Mistakes—who doesn’t make them?

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I’ve always hated finding a misspelled word or reading my published work and seeing I’ve used the wrong verb tense. With today’s electronic publishing world beckoning us to publish, post and publicly ponder what other people say, a second after they’ve said it, it’s so easy to make such mistakes that it’s become commonplace. Even for me.
I look back at old posts and find that—even though I tried to proofread and edit out any errors—invariably, one or two remain. And I hate that! But apparently, it’s the price we must pay for being members of the ever-changing, fast-paced world we live in.
On the other hand, traditional publishing still aims for accuracy, and thank goodness for that. (This form of publishing, in case you’re too young to remember, occurs more or less when you send a file to a printer who lays out the pages, then prints and binds the manuscript into a book.) This is content you can trust, because the writer has spent many months or even years honing the work until it’s the absolute best it can be. He has labored over it until all errors are gone, and no one is the wiser.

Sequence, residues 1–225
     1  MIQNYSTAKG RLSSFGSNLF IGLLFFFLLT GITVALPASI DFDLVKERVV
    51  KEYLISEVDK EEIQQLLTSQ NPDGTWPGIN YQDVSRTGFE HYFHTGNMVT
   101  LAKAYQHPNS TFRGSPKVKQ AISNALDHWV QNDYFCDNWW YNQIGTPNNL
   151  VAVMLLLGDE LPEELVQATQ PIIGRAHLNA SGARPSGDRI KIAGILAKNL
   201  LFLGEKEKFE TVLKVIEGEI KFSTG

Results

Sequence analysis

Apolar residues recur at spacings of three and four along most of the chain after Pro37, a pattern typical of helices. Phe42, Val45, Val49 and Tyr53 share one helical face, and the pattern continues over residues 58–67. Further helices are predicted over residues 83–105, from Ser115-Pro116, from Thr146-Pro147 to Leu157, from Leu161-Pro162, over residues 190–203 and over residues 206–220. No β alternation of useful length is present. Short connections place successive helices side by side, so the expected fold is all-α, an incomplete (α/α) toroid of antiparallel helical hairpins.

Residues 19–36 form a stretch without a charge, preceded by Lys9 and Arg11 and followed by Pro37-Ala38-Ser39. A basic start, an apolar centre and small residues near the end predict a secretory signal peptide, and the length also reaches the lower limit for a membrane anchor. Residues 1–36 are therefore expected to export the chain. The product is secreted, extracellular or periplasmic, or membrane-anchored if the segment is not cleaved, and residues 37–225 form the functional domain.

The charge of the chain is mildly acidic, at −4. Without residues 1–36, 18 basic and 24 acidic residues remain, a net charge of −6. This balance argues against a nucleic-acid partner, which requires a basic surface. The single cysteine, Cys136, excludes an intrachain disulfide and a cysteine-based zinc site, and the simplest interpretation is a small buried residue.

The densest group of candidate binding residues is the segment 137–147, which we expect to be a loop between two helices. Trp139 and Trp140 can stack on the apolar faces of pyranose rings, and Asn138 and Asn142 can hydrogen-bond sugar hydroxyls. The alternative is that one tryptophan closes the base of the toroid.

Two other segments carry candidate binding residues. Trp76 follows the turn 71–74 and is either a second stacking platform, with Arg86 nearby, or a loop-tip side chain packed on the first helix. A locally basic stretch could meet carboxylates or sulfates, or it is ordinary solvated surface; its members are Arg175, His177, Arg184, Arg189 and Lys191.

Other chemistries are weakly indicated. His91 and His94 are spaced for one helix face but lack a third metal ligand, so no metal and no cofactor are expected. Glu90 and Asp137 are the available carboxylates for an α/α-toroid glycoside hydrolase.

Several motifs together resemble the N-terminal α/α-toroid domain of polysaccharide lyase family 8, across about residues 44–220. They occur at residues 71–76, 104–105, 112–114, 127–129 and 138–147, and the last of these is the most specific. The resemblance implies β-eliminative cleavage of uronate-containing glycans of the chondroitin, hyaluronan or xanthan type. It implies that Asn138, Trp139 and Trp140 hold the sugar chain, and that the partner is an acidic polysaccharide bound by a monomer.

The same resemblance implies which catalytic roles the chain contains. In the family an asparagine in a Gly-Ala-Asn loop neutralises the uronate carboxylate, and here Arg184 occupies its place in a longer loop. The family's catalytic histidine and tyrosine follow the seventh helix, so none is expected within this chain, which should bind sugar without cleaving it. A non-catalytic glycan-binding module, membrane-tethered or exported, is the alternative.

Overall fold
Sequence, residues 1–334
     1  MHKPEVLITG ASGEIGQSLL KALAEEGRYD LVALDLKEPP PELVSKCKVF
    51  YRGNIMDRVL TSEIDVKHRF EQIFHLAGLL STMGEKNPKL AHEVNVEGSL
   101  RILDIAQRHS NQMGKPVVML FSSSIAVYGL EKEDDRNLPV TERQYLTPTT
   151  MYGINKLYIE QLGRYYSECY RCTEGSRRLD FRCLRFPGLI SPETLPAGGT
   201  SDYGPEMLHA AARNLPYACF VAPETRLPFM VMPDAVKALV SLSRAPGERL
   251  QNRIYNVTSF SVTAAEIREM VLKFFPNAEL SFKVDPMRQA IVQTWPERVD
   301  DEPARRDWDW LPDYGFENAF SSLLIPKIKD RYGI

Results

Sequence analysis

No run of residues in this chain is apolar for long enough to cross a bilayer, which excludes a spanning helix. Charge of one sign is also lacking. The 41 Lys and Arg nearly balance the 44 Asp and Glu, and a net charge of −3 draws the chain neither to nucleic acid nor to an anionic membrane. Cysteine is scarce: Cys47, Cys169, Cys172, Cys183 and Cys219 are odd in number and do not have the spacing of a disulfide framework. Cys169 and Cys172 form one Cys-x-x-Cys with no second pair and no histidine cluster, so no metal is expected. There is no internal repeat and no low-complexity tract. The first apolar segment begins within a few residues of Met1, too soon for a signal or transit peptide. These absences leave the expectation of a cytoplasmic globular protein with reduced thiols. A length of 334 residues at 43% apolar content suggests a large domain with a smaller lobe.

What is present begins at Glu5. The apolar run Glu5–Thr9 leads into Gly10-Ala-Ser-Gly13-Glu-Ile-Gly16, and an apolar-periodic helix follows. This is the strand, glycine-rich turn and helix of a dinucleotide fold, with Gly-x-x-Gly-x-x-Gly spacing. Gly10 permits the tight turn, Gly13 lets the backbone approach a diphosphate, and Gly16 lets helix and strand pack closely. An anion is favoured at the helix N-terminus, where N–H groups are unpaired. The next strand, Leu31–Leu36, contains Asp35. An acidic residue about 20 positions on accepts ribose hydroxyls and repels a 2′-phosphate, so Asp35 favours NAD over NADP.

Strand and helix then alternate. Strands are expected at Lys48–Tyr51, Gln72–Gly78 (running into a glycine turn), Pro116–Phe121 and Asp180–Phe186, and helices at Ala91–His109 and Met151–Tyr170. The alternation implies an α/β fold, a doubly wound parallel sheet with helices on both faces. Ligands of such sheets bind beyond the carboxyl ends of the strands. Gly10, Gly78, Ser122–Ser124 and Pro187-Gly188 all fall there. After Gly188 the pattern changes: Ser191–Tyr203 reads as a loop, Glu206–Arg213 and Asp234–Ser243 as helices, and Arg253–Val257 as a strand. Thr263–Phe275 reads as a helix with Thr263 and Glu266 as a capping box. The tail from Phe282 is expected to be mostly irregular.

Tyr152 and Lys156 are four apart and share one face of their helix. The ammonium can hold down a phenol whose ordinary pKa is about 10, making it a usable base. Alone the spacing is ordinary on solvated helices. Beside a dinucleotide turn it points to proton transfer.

That’s what I did with Sister of Silence, until it was error-free. Or so I thought. Then, just when I was absolutely certain that it was ready for publication, I found a few. Or rather, a helpful reader found them for me. (Thanks, Rick!) Corrected, the finished book should be ready in a few days. While I can’t guarantee it’s perfect, I can say it’s as good as it gets. And I truly believe that.
At least I will until someone points out a misspelled a word, or the improper use of punctuation. Because, even in traditional publishing, nothing is perfect.

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